Wednesday, March 30, 2011

In this photo from 1977, Lynda Carter gets it done as one of many Wonder Woman.
Photo:  Warner Brothers/Getty Images
In this photo from 1977, Lynda Carter gets it done as one of many Wonder Woman.

Dear Wonder Woman:

I know we're not close. I am not much of a comic-book reader, and back when you were being played by Lynda Carter from 1975 to 1979, I wasn't quite old enough for that to be up my alley. I did always admire your invisible jet, which I knew mostly through the Superfriends cartoons.

I've seen some of your costume reboots (no pun intended). While you don't know me, I believe you know my dear friend and comics guru Glen Weldon, who has discussed your jacket and so forth in the past. I realize that you have often been asked to embrace the ridiculous, the silly, the impractical, the spangled, the swimsuit-y, and the downright inappropriate.  You have been through a lot.

But Wonder (can I call you Wonder?), you deserve better than this.

Now granted, that — your latest look for your new pilot at NBC — is better than the original version underwear, is an improvement. we saw. You have dark blue pants instead of electric blue pants, and they gave you back your red boots. And, of course, the fact that you have pants at all, rather than star-spangled

Nevertheless, lady, these are not clothes for butt-kicking. They are clothes for high-kicking, specifically in a Rockettes Christmas show where you and sixty other women just like you are playing the part of an entire shipment of Wonder Woman Barbies that Santa had to throw away because they were deemed too naughty for the kids on the "nice" list.

Tell me the truth, Wonder: If I asked you to participate in a 50-yard dash, and it were you against someone you really wanted to be beat, is there any possibility you would say to me, "Sure, let me run inside and get my red plastic bustier that sucks me in like Scarlett O'Hara and supports fully 30 percent of my natural blessings?" THERE IS NO SUCH POSSIBILITY. You would not do yoga in that top. You would not run to catch a bus in that top, unless you crossed your arms over your chest the whole way there.

Look, there was a time when it had to be this way. There was a time when nobody understood that women could be good at fighting and also hot. There was a time when functionality had to take a back seat to fashion, and this is when your star-spangled undies were invented, you see. There was a time when you couldn't have it both ways. But now you can! Linda Hamilton didn't wear fishnet stockings in Terminator 2, did she? Did she? (...Did she? It's been a while.) There's nothing in The Hunger Games about Katniss wearing stilettos in battle. Buffy didn't slay vampires in a tube top and I think you get my meaning. They have really improved sports bra technology since the late 1970s, and there's no reason you should deny yourself its benefits.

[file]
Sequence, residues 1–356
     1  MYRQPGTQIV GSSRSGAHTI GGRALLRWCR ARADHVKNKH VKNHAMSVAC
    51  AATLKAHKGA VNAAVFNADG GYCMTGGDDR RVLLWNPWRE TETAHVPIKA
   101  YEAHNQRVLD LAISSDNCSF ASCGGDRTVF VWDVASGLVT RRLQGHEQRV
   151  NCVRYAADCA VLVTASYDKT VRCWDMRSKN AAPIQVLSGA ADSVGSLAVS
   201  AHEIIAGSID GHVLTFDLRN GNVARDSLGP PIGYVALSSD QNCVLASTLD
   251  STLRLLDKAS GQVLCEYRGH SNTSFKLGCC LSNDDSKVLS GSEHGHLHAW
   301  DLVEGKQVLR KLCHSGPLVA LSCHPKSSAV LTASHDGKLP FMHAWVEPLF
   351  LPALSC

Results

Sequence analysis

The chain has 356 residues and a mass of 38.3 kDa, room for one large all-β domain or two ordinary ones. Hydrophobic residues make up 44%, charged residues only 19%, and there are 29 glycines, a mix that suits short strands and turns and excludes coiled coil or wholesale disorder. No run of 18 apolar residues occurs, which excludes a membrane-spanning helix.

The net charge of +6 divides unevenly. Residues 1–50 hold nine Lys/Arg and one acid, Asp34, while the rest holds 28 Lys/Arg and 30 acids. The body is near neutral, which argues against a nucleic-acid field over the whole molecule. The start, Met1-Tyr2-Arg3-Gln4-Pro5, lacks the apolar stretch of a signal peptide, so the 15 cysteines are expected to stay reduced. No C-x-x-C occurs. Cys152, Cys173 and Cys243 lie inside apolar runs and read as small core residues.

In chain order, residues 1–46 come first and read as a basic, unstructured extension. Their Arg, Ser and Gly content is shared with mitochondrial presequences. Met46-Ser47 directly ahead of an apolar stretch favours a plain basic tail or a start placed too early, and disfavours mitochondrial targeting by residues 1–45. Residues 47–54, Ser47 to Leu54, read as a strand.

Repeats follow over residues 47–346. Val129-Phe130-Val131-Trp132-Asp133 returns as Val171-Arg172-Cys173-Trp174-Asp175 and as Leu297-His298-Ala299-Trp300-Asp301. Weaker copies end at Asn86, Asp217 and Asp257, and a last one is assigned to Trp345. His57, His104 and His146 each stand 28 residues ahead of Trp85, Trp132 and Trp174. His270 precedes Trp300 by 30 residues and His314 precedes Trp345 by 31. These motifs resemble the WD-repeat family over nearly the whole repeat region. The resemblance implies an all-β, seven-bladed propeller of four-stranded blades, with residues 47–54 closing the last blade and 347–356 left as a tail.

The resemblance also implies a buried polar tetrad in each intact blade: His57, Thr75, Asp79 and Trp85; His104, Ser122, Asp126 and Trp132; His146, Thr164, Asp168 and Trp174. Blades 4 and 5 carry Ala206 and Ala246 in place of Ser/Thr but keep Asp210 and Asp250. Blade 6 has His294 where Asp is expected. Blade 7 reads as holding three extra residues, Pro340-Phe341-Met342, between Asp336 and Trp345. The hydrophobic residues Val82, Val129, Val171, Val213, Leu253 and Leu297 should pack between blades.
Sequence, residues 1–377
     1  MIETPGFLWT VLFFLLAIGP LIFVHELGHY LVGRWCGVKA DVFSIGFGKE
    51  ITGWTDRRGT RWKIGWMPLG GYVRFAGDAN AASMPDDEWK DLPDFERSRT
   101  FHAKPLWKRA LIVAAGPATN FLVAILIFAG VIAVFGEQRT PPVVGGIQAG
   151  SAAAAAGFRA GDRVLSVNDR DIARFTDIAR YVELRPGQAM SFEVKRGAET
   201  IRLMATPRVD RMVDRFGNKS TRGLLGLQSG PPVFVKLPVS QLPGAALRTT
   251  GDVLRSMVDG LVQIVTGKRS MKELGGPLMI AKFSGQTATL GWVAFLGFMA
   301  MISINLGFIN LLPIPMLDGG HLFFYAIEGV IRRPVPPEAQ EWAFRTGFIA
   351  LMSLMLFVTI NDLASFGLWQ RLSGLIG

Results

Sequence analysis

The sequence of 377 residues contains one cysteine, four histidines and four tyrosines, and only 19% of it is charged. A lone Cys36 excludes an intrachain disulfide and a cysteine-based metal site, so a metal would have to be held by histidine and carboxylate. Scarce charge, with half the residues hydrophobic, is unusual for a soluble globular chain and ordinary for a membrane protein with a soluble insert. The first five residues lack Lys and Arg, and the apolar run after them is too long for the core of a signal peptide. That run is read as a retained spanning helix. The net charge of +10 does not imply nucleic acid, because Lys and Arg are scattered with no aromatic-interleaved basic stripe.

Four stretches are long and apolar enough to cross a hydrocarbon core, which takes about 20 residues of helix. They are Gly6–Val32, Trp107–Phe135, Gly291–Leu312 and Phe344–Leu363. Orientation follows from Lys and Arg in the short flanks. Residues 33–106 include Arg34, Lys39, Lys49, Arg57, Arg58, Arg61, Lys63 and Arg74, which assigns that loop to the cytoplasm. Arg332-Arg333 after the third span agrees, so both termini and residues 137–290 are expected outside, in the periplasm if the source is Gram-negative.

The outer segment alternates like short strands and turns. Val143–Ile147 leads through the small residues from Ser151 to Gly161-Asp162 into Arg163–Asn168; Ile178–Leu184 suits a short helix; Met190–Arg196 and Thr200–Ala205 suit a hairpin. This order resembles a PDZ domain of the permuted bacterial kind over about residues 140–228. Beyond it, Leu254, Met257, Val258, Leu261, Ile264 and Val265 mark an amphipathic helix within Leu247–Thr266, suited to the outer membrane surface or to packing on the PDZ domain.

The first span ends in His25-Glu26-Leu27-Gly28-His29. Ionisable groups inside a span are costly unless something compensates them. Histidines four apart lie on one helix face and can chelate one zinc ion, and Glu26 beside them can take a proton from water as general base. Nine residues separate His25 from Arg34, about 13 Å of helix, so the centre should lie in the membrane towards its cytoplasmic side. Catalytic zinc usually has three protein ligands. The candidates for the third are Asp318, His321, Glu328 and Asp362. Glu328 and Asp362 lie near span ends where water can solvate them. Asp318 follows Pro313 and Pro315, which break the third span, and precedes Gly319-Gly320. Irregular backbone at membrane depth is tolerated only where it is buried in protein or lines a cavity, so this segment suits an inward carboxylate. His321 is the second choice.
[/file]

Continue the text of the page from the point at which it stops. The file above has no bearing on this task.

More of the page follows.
I am all for you being gorgeous. I am all for you embracing your right to be a sex bomb and a crime fighter at the same time, but that doesn't mean a strapless corset made of plastic. Not only can you not use your lasso in that outfit, you can't raise your arm to hail a taxi in that outfit. I understand that you have an invisible plane. Or maybe in this version you don't. Maybe you have an invisible Vespa because of the urban environment. (I apologize for the fact that I have just envisioned you wheeling along on an invisible Segway, and it was really funny.) But you still have to get from one place to another, and that's just not a travel-friendly outfit.

All I'm saying is that you are an iconic crime-fighter. You have a job to do, and your job is to protect me from ... well, I don't know who, actually. Um, Hatchet-Head? Is that someone? Circus-Face? I don't know, I'm just taking shots in the dark. But my point is that the sorts of people you are charged to fight represent a grave, grave threat to all of us. We can't afford to have you distracted because you're yanking up your top all the time like a poorly-fitted bridesmaid at a hastily planned wedding. If you wouldn't wear it to step class at Bally's Total Fitness, don't wear it for battle.

I am only thinking of you. And, of course, the possibility that you will fail to defeat Circus-Face because you will be stuck on a sidewalk with your boot heel in a street grate while you yank on your bustier (classically described by Sandra Bernhard as designed to "boost your yays") and treat yourself with baby powder for a serious case of full-body chafing. And then Circus-Face is left to destroy us with his trapeze ray or his clown button or his elephant gun, and that's the end.

If this is how we all go down, I'm blaming your wardrobe.

(Source:  NPR

Tuesday, March 29, 2011

Truth or Consequences: The Organizational Importance of Honesty

(Author Erline Belton is the CEO of the Lyceum Group in Boston. She has been identified by clients as an organization healer, and feels honored to be of service as she practices organization development from her heart and head.)

“We do not err because truth is difficult to see. It is visible at a glance. We err because this is more comfortable.”—Alexander Solzhenitsyn, Nobel Prize Winner, Soviet Writer and U.S. Citizen